Where Have The Great Bakers Gone?
The Future Of New Orleans French Bread
This weekend, the third running of the Po-Boy Festival will cram Oak Street with people all weekend long. It, and the organization the produces it, set out a few years ago with amission: the save the poor boy sandwich. They thought it may have been on the way out.
The numbers in Menu’s restaurant index clearly show that we have more poor boy shops around town than we ever did. And the popularity of the Po-Boy Festival–heavily attended by younger eaters–seems also to relieve any concerns about the endangerment of the sandwich.
French bread, though–that’s another matter.
Much has been said about the demise of New Orleans French bread in recent years. There is no question that it isn’t what it used to be.
New Orleans French bread is unique. You won’t see anything like it anywhere else in the world. Certainly not in France. There the loaves may look much the same in shape, size, and color, but the texture is much denser and the flavor quite different.
Two aspects of New Orleans French bread are distinctive. The first is its lightness. The interior often has large gaps and bubbles, and the crumb in general is quite airy. The other hallmark is the thinness and brittleness of the crust. A good loaf of fresh French bread–especially when it’s just been heated in the oven–has a crust so brittle that it litters the table with its crumbs.
That quality keeps restaurant servers busy with their crumbers, scooping off all the detritus. I wave them off. I don’t like the sound those things make. I put those crumbs there and they don’t bother me. In fact, I like to pick them up and pop them into my mouth. No other kind of bread has such a wonderfully good, wafer-thin crust.
What makes French Bread different is the special yeast bakers use. It’s not widely available to home bakers, and it accounts for the huge bubbles in the dough and light texture. The ovens are also distinctive. Water pipes run through them, releasing a spray that keeps the humidity high. The result the the shattering crust.
French bread began to change in the 1970s. The classic shape–thin at the ends, wider and thicker in the center–fell out of vogue, in favor of the longer poor boy loaf. It was more or less the same bread, except that the poor boy is the same width all the way through, the better to accommodate making sandwiches. Now, the old shape is almost impossible to find. Leidenheimer’s says they still make it, but where is it sold?
Next came the nearly simultaneous retirement of the last generation of old-guard bakers. These guys were largely from the World War II generation, and they’d likely picked up the craft from their fathers or uncles. But their Baby Boom kids wanted no part of baking–all thet showing up for work at two in the morning, following exactly a prescribed ritual of making and baking dough. Worse, nobody was coming up from any other part of local society to take their places.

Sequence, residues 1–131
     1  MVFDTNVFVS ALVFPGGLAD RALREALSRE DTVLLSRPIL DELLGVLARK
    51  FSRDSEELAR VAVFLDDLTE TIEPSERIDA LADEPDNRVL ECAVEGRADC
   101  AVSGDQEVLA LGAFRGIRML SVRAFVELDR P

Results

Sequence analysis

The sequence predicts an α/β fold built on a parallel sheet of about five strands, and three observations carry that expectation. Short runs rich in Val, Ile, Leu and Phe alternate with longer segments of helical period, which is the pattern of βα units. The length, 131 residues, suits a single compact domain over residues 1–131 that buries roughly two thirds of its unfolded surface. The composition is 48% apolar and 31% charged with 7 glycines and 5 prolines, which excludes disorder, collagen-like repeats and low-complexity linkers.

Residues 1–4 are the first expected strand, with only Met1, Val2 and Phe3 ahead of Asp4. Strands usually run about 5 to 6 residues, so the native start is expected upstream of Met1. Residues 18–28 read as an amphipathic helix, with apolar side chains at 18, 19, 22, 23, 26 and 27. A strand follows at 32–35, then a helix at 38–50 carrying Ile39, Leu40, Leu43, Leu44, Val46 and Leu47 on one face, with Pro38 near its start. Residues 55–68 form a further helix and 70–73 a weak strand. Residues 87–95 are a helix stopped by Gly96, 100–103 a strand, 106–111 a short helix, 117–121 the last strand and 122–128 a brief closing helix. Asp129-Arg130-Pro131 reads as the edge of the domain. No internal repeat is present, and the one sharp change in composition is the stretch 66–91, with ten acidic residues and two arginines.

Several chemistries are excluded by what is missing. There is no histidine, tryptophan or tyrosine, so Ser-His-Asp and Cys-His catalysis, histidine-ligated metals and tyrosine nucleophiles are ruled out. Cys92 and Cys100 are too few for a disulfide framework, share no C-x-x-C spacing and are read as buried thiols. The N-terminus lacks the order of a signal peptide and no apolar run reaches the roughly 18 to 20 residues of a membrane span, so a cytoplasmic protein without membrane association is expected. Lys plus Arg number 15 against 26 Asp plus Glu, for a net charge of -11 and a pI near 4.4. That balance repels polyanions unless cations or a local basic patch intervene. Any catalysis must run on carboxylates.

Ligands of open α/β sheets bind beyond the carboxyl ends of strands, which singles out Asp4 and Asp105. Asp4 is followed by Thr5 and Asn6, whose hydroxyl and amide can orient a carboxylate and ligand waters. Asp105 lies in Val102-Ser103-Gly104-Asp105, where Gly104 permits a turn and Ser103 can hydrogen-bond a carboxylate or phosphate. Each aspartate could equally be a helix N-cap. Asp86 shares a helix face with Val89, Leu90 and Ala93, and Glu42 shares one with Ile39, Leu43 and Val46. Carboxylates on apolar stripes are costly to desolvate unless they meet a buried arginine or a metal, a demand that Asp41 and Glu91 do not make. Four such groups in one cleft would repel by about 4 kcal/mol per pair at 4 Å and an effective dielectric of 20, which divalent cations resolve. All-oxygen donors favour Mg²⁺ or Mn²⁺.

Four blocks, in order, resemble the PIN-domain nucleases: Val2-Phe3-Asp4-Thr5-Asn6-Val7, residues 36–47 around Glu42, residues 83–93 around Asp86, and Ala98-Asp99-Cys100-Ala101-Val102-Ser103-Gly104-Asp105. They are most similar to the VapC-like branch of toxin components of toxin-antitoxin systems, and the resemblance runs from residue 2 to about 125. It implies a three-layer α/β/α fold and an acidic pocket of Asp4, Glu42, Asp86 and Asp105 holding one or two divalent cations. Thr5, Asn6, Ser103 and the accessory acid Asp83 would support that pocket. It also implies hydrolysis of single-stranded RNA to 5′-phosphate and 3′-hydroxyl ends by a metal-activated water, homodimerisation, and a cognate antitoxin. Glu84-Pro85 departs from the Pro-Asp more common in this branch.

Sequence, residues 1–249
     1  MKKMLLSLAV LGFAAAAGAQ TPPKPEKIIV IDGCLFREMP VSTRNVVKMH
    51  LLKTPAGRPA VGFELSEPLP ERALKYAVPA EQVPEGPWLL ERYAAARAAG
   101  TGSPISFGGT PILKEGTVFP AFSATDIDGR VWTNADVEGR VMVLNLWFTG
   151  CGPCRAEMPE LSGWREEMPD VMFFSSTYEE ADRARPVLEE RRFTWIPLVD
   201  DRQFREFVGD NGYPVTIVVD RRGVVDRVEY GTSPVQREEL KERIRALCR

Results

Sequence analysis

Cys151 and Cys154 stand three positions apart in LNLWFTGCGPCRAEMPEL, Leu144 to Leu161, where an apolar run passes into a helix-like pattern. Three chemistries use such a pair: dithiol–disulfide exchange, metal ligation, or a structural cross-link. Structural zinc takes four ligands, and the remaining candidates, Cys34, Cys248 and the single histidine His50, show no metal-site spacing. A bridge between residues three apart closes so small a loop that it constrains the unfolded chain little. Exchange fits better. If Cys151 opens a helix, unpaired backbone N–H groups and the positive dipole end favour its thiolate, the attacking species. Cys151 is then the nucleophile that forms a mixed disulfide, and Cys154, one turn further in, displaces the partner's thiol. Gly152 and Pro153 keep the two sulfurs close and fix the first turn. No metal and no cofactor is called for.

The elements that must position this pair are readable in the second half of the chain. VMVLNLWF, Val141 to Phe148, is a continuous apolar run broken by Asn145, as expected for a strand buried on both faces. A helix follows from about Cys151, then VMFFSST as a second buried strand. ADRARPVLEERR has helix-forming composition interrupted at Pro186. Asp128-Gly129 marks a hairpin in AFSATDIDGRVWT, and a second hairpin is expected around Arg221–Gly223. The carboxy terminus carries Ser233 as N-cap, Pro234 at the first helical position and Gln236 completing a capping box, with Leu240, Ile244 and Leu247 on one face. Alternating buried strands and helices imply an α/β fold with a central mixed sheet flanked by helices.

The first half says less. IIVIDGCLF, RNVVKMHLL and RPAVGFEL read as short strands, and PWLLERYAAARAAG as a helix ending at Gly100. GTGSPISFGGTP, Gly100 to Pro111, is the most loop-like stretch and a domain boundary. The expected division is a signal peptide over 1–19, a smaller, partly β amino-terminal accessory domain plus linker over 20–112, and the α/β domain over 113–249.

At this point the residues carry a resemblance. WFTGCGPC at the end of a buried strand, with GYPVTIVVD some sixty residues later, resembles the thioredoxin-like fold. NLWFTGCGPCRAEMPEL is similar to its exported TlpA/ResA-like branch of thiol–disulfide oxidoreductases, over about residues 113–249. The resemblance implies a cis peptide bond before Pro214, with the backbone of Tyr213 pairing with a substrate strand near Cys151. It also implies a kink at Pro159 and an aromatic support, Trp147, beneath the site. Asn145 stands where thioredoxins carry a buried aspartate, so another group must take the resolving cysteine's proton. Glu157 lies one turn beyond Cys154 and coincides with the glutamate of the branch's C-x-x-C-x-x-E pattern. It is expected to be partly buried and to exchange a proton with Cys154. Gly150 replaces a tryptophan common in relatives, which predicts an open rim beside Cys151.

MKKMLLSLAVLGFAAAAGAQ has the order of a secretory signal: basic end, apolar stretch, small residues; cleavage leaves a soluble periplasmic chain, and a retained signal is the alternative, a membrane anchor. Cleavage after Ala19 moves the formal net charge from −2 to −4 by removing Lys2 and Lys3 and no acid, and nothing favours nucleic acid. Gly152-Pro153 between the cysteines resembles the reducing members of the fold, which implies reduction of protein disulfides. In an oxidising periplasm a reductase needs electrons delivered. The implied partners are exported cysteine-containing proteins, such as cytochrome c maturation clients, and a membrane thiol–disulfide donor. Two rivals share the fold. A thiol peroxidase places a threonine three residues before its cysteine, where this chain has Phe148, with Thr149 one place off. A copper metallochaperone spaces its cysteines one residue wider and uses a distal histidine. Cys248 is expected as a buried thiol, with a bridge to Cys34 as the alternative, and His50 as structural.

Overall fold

But the late 1980s, the consistency of New Orleans French bread was greatly compromised. I remember asking David Gooch at Galatoire’s where he got his bread. He said it was almost all from one baker. I could hardly believe this, so different was the bread from day to day.
Next came the consolidation of the bakeries, mostly under Leidenheimer. The most famous name–Reising’s Sunrise–was brought into the Leidenheimer family. The same thing happened more recently with Angelo Gendusa, the maker of “soup sticks”–the ten-inch French loaves served at Antoine’s and other restaurants. You would have thought that this would have solved the consistency problem, but if anything it seems to continue to get worse.
And a lot of smaller bakeries just closed–notably Heebe’s and DiSalvo’s on the West Bank. Some soldiered on, fortunately–Alois Binder, who makes the last example of what French bread was like thirty years ago–still bakes his great loaves, but not in enough volume that it’s easy to find. John Gendusa Bakery, which invented the poor boy loaf in the 1920s, is also still around.
The major producer of traditional New Orleans-style French bread here–Leidenheimer’s–is baking and selling French bread to maximum capacities. But it’s not as consistent as it once was, and certain variations on the French bread theme have disappeared. Leidenheimer’s French bread is still an excellent product most of the time. My only problem with it is that I have a long memory for what it used to be.
The only bright spot on the scene is provided by Vietnamese bakers. Trained two generations ago by the French in Vietnam, they make terrific French bread at their restaurants and bakeries. Chez Pierre in Kenner, Dong Phuong in New Orleans East, and the Hi-Do Bakery in Terrytown are particularly good. So the end is not near for New Orleans French bread.
Thank goodness. What would we do without it?